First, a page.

It’s been years since I’ve paid attention to Time magazine’s choice for Man of the Year or, more recently, Persons of the Year. The whole contest has grown yawningly predictable and far too PC. But at my local news stand recently I was nearly knocked off balance by the absurd contrast of Time’s Persons of the Year cover: there, scowling through crimson shades was the super-cool Paul “Bono” Hewson wedged between Bill and Melinda Gates like a big nerd sandwich.
I could perhaps understand putting Bono on the cover of Time in 1990 after the release of U2’s “The Joshua Tree,” one of the great rock and roll albums of all time, and the one album on which the band thankfully refrained from politics. And I’m with Michelle Malkin: Why didn’t Bill Gates win Man of Year in 1985 when he developed Microsoft Windows? Microsoft programs certainly work more often than Bono’s beloved poverty programs. And Melinda Gates? So she married a rich geek? That makes her Woman of the Year? Bono’s understanding of African development is probably at the same level as my understanding of triads, intervals, and meter (and Bono’s too, come to think of it). Are Americans truly that desperate for good punditry that they need an Irish rocker’s opinions on geopolitics and global finance? That reminds me, I hear the surviving members of Grand Funk Railroad have some advice for Transportation Secretary Norman Mineta.
These days I am more intrigued by the American Dialect Society’s annual and admittedly less sexy choice of Word of the Year. Sadly, but not surprisingly, even the Word of the Year has been politicized. The clear winner would seem obvious enough: podcast has become part of everyday usage, yet it came in a mere third. It did manage to rank first in the Most Useful New Word and second in the Most Likely to Succeed categories, but it apparently did not have the right political credentials for Word of the Year. That honor went to truthiness, a word I’d never even heard of, and one — due to its vagueness and severe awkwardness — that I can guarantee I will never use. It apparently stems from a TV show — as do most irrelevant things nowadays — on Comedy Central. Upon further investigation I find that truthiness was the subject of a two-minute skit on the fake news show “The Colbert Report,” and a not very funny one at that. Truthiness is apparently similar in meaning to faith, something you don’t know for a fact, but feel in your heart to be true. There already is a perfectly good word for that. Heartfelt.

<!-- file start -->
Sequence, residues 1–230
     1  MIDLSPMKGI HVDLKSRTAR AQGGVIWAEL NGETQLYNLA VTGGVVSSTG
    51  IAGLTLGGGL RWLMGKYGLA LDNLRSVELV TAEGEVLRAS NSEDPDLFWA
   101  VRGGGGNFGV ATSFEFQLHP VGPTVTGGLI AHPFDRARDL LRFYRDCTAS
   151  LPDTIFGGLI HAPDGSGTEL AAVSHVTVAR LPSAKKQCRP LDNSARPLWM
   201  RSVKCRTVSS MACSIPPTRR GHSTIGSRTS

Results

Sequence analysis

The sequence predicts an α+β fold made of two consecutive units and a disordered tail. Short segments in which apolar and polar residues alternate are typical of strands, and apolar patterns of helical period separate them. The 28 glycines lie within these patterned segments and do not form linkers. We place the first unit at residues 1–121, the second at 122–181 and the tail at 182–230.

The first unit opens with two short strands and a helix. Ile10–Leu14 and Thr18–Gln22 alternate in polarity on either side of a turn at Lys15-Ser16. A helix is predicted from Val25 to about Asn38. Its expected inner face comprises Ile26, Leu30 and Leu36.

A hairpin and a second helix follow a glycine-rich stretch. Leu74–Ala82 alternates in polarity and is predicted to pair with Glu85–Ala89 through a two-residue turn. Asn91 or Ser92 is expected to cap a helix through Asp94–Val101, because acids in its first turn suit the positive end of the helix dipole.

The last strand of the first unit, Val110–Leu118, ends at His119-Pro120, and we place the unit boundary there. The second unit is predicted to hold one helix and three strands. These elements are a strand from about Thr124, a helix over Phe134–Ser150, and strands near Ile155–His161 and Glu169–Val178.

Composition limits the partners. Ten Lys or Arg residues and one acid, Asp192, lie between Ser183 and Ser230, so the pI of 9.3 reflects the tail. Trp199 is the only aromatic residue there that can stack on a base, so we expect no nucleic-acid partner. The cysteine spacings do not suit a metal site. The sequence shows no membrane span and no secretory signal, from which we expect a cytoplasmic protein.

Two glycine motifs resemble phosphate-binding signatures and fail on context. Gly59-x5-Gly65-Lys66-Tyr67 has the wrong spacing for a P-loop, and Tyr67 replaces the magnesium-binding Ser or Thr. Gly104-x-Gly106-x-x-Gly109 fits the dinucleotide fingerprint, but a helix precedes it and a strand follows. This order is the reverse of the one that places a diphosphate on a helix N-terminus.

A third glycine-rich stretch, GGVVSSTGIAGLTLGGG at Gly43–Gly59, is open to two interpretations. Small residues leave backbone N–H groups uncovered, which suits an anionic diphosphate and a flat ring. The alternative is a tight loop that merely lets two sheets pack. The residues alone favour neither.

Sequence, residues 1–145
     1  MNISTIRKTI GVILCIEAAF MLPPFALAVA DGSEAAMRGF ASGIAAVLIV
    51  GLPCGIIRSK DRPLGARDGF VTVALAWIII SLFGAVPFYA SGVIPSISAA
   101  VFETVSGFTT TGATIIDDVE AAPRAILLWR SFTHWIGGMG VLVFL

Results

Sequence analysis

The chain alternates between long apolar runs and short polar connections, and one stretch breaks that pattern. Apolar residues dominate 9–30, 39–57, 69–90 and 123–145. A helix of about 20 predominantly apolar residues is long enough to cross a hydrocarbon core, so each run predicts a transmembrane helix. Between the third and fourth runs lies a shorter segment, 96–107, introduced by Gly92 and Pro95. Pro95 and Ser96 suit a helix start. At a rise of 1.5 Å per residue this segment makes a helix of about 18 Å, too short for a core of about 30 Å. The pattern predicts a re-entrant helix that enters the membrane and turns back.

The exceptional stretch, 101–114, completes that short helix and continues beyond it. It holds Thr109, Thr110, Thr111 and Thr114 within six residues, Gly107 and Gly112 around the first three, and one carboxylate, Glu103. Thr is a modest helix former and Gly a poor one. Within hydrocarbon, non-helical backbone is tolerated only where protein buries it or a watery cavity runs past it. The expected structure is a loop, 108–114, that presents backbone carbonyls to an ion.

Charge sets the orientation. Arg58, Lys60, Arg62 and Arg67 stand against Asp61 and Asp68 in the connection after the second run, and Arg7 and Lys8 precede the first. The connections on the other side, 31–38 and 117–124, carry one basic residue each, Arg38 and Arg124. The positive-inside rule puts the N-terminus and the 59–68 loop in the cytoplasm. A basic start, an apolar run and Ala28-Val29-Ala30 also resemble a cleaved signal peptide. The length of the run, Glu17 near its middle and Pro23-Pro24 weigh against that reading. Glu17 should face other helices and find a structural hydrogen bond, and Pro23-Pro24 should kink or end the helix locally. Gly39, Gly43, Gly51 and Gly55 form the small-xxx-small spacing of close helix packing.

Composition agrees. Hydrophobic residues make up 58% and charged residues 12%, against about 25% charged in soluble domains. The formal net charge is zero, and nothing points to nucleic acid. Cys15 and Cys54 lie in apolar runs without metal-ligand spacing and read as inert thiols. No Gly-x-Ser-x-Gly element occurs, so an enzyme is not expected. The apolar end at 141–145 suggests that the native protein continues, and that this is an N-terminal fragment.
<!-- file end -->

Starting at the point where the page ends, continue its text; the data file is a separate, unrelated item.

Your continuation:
Naturally truthiness, as defined by the host Stephen Colbert, refers to the Bush administration and conservative talk show hosts; as in President Bush didn’t know for a fact that Iraq had nuclear weapons, but he felt they did. This feeling of truthiness, then, got us into war.
Apparently somebody at the American Dialect Society finds that hilarious.
That’s not to say the nerds at ADS don’t know how to yuck it up. You have to have a sense of humor to come up with an entire category of Tom Cruise-related words or phrases. The Cruiselex of the Year was the infinitive to jump the couch, which means to exhibit strange or frenetic behavior, inspired by the couch-bouncing antics of Tom Cruise on Oprah Winfrey’s talk show. (I apparently missed that culturally defining moment too.)
Commenting on the Word of the Year, Michael Adams, a professor of English at North Carolina State University, told the AP: “The national argument right now is, one, who’s got the truth, and two, who’s got the facts. Until we can manage to get the two of them back together again, we’re not going to make much progress.” By which I take him to mean everyone needs to think one way, and I can guess which way that will be: Leftward, Ho!
Second on ADS’s list of Words of the Year was Katrina. Katrina was the name of a hurricane and a goofy '80s rock band Katrina and the Waves, which, come to think of it, seems pretty ironic now. I’m unclear how truthiness got ahead of Katrina. The latter was certainly used a lot more. Yeah, like a billion times more.
Which brings us back to Bono.
It now occurs to me that the word bono would have made a good choice for Word of the Year — at least as good as Katrina or truthiness. To bono would describe the action of an annoying millionaire in a cowboy hat who hectors Western governments about sending tons of money to prop up corrupt African dictators, because as we all know Africans are incapable of managing their own affairs and only millionaire rock stars in cowboy hats can save them by hectoring Western governments. Tomorrow’s assignment then is to write a paragraph using the words bono, Katrina, and truthiness. Without mentioning George W. Bush or Donny Rumsfeld. As for me, I’m going home to listen to the “Podcast of the Year” Awards. But that’s another story.
A man of faith in a godless age is hitting Americans where it hurts.
Mr. and Mrs. American Spectator Reader, let P.J. O’Rourke talk sense to your kids.
In Britain, defending your property can get you life.
The debacle of this president’s administration is both a cause and a symptom of the decline of American values. Unless Congress impeaches him, that decline will go on unchecked. An eminent jurist surveys the damage and assesses the chances for the recovery of our culture.
It won’t take long for conservatives to scratch this presidential wannabe off their 2008 scorecard.
The American Christmas, like the songs that celebrate it, makes room for everybody under the rainbow. Is that why so many people seem to be hostile to it?
Was the President done in by the economy, or by the politics of the economy?